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Common Names in Danish:
Common Names in Dutch:
Common Names in English:
northern sea lion, Northern sealion, Sea king, stellar sea lion, Steller Sea Lion, steller sealion, Steller's sea lion, Steller's sealion
Common Names in French:
Lion de mer à crinière, Lion de mer Steller, Otarie à crinière
Common Names in German:
Stellers Seelöwe, Stellerscher Seelöwe
Common Names in Italian:
Leone marino di Steller, Otaria
Common Names in Portuguese:
Leão marinho de juba
Common Names in Russian:
Сивуч (северный морской лев)
Common Names in Spanish:
Léon de mar
Typically found in water with a depth of 0 to -100 meters (0 to -328 feet).
Lions are the largest otariids and the fourth largest
pinniped. Both sexes are robust
and powerfully built at all ages.
They are sexually dimorphic
, with adult
males weighing three times
as much, and growing 20-25% longer
than adult females. Pups
with a thick blackish-brown lanugo
that is moulted by about 6 months
of age. The maximum length
of adult males is about 3.3 m
is 1000 kg
. The maximum length for adult females is about
2.5 m and average weight is 273 kg. Pups are born at an average of
about 1 m and 18-22 kg.
The age of maturity is 3-6 years for females, and 3-7 years for males (Calkins and Pitcher 1982). Males are not able to defend territories before they are 9 years old (L. Lowry pers. comm. ). The annual pregnancy rate of mature females declined during the 1970’s and 1980’s and was estimated to be 55% in the 1980’s based on collections at sea (Pitcher et al. 1998). Recent age-structured modelling based on population counts from the central Gulf of Alaska indicates that the birth rate in 2004 was 36% lower than in the 1970’s (Holmes et al. 2007). Gestation lasts one year, including a delay of implantation of about 3 months. Females may live up to 30 years old and males to about 20 years (Reijnders et al 1993).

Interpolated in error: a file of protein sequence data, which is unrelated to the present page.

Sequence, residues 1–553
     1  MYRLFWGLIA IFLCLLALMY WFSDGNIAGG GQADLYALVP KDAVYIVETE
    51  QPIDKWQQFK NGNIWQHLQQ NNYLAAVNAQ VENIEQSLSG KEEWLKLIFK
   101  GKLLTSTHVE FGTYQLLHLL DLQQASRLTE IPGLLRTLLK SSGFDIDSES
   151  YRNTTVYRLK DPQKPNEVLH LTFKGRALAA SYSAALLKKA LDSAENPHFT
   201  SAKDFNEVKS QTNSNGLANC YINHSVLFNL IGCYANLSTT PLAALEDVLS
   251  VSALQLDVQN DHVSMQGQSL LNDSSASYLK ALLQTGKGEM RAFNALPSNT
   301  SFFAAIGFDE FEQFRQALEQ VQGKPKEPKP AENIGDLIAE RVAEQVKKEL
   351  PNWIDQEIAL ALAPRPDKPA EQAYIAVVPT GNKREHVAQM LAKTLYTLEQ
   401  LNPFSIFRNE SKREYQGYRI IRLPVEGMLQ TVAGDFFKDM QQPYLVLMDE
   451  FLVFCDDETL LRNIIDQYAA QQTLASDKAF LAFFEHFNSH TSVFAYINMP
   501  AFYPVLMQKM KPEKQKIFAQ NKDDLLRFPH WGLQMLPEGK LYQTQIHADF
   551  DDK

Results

Steller Sea Lions are highly polygynous and breed in the late spring and summer. Adult males arrive before females and those that are nine years or older establish themselves on territories, which they aggressively and vociferously defend. Steller sea lions have deep voices and produce powerful low-frequency rolling roars and can be heard for long distances over the noise of wind and waves.
Pups are born from May through July, and females stay continuously ashore with their newborns for the first week to ten days after giving birth. Following this period of attendance, females make foraging excursions, primarily at night for periods of 18-25 hours, followed by time ashore to nurse their pup. Females come into estrous and mate about two weeks after giving birth. Weaning can occur before the next breeding season , but it is not unusual to see females nursing yearlings or older juveniles .
Throughout their range , Steller Sea Lions are primarily found from the coast to the outer continental shelf and slope . However, they frequent and cross deep oceanic waters in some parts of their range. Steller Sea Lions occasionally leave haulouts in very large groups; however, sightings at sea are most often of groups of 1-12 animals. They aggregate in areas of prey abundance , including near fishing vessels , where they will feed on netted fish and by-catch . Steller sea lions are known to haulout on sea ice.